Legalize DDoS? Anonymous lobby White House for right to digitally protest

Is temporarily slowing down a website a legal form of protest? Current US law says it isn’t, but hacktivists want the White House to make changes that would force the government to reconsider their witch-hunt against alleged computer criminals. READ MORE: http://on.rt.com/mcqh98

via Legalize DDoS? Anonymous lobby White House for right to digitally protest – YouTube.

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Anonymous brings down Interpol website in retaliation for 25 arrests

Published: 29 February, 2012, 03:57
Edited: 07 March, 2012, 12:18

Interpol’s main website has been downed by the Anonymous hacker group in retaliation for the international police agency’s hacker arrests worldwide. And such attacks will continue, the hacktivists promise.

The website Interpol.int was unreachable for a half hour on Wednesday. Access was later restored, although the loading time remains slow. The attack appears to have been conducted using a botnet. Anonymous Twitter accounts tweeted “interpol.int seems to be #TangoDown. We can’t say that this surprises us much,” and “Looks like interpol.int is having some traffic issues. Now who would have expected that?”

The attacks came as Interpol announced the arrests of 25 suspected Anonymous members, aged between 17 and 40, who it alleges planned coordinated cyber-attacks against Colombia’s defense ministry and presidential websites, Chile’s Endesa electricity company and national library, among other targets. The arrests were part of Operation Unmask, during which police in Colombia, Argentina, Chile and Spain seized computers, mobile phones, credit cards and cash at 40 locations in 15 cities.

Among the 25 under arrest are four Anonymous hackers detained by police in Spain on Tuesday under claims that they conducted attacks on Spanish political party websites. The Spanish National Police also said two servers in Bulgaria and the Czech Republic had been blocked as part of Operation Unmask, and that a manager of Anonymous operations in Spain and Latin America, known by the aliases Thunder and Pacotron, was among those arrested.

The four are also suspected of vandalizing websites, conducting DDoS attacks and publishing sensitive data on police officers assigned to Spain’s royal palace and its prime minister’s office.

Anonymous has added Interpol’s scalp to its already impressive collection of successfully downed websites.

Their most notable operation up to date was the response to the closing down of the Megaupload file sharing service. In retaliation, Anonymous attacked the websites of the White House, after succeeding in taking down the websites of the CIA, FBI, Department of Justice, Universal Music Group, RIAA and Motion Picture Association of America.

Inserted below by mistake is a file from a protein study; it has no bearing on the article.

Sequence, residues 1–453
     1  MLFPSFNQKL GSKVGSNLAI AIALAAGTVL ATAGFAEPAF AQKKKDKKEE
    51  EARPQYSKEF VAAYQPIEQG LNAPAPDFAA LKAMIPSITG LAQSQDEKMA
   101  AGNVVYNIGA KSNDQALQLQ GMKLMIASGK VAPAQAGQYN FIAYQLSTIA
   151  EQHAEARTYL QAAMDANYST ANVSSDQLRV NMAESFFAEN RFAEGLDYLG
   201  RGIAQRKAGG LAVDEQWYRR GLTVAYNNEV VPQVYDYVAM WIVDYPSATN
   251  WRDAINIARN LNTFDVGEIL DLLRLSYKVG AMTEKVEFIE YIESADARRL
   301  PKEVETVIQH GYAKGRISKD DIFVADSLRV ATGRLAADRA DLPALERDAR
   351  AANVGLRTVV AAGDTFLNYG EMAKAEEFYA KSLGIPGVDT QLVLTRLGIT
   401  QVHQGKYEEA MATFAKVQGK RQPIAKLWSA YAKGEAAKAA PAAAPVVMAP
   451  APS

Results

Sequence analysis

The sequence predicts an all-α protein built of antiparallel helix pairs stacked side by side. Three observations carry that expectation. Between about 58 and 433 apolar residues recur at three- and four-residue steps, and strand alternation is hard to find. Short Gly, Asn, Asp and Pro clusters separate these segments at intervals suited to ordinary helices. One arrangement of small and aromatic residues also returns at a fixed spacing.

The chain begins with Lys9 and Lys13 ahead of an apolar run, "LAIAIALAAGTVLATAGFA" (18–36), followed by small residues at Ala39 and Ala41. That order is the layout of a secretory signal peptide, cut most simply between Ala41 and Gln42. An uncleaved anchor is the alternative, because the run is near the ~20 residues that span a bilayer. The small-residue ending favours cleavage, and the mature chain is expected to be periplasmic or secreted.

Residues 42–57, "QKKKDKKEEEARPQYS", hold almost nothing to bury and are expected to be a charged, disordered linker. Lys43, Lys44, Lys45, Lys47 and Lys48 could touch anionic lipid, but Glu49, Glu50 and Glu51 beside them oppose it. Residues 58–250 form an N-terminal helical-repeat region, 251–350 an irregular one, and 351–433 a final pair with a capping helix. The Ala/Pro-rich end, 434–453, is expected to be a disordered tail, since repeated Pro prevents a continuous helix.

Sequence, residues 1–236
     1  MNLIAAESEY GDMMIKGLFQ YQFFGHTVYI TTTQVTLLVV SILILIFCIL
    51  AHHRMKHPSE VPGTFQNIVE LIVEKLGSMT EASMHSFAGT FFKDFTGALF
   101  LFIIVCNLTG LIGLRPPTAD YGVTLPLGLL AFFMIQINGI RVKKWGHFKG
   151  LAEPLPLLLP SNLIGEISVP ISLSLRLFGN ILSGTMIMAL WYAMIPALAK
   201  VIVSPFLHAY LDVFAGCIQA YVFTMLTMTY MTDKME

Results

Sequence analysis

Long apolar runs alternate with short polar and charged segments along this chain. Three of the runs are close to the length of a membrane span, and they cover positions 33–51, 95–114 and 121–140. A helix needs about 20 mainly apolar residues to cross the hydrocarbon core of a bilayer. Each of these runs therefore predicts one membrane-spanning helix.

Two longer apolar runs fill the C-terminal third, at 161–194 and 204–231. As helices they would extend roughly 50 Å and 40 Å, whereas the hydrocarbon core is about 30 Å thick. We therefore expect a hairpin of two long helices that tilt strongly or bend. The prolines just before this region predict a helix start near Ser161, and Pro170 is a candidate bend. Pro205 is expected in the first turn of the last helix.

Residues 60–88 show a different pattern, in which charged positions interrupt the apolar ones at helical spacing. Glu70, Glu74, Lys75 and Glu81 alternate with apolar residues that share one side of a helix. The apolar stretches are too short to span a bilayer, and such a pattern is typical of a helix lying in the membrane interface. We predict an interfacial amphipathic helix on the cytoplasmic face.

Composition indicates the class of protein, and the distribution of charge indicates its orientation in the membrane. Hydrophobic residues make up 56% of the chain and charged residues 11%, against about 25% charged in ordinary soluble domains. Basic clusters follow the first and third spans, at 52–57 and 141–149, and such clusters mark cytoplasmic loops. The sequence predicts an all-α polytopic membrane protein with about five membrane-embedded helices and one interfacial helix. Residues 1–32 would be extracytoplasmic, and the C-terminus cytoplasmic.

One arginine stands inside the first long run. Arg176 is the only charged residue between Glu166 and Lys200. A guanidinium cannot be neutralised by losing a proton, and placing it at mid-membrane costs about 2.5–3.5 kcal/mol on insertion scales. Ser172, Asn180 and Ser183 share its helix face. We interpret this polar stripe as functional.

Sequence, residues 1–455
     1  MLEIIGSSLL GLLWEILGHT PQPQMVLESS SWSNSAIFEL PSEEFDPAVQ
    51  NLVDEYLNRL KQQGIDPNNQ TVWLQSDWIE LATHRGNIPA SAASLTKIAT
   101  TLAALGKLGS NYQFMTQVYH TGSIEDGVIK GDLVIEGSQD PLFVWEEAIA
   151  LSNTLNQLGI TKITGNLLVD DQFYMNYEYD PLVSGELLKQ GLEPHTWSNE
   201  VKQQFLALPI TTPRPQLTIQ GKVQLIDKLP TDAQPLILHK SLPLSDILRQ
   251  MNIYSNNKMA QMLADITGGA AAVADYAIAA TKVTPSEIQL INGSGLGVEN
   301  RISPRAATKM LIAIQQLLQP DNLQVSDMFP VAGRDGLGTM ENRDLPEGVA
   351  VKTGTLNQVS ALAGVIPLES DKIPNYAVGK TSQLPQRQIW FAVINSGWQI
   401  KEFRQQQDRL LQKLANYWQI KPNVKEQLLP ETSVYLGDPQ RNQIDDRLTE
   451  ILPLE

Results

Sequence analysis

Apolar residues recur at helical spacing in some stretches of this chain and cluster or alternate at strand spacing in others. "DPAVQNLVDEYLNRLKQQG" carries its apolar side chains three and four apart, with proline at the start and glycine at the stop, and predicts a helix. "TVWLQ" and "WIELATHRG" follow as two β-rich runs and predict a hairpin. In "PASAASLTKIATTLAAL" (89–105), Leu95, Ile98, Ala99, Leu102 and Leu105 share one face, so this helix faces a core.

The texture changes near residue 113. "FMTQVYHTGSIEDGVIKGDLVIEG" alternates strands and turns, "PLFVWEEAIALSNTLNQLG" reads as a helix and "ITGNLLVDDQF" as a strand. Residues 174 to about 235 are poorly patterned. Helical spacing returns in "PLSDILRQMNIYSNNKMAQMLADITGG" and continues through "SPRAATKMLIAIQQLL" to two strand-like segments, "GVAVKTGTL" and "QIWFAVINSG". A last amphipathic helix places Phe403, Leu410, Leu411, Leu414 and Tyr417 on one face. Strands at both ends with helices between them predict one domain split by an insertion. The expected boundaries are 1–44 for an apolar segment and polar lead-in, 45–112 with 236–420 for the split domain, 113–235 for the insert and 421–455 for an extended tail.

In another headline-making case, WikiLeaks released over 5 million emails of the private intelligence company Stratfor, dubbed the “shadow CIA.” Reports say Wikileaks obtained the data through the Anonymous network.

A message spread by an Anonymous spokesperson said the group intends to continue attacks for the “unforeseeable future”.

A Twitter message reportedly associated with the Brazilian wing of the group said “Interpol, you can’t take Anonymous. It’s an idea.”

via Anonymous brings down Interpol website in retaliation for 25 arrests — RT.

Anonymous threatens Congress over copyright bill

Hackers from the group Anonymous threaten Congress over copyright bill

“Hackers from the group Anonymous released a video on the Web this week in which the collective calls out Congress for a controversial new bill that could put Internet users in prison for streaming videos online.

Should S.978 be put on the books, streaming copyrighted material on the Web could land a person in jail for up to five years in addition to costing thousands of dollars in fines. The video released from Anonymous specifically challenges how the law would punish video game users for sharing their own game play on the Web, which the hackers say is a form of censorship and a denial of the free flow of information.

Anonymous also notes that even providing a link to copyrighted content could cause users to wind up with legal woes and says that the legislation is a “tyrannical scheme” courtesy of Congress.

[…]

Anonymous hackers in Germany have already gone after authorities overseas for similar acts they consider censorship. On Monday Anonymous disabled the website of GEMA, a German watchdog that keeps an eye open for infringement of copyrighted music. Earlier this year hacktivists launched a denial-of-service attack on their site.”

via Anonymous threatens Congress over copyright bill — RT.

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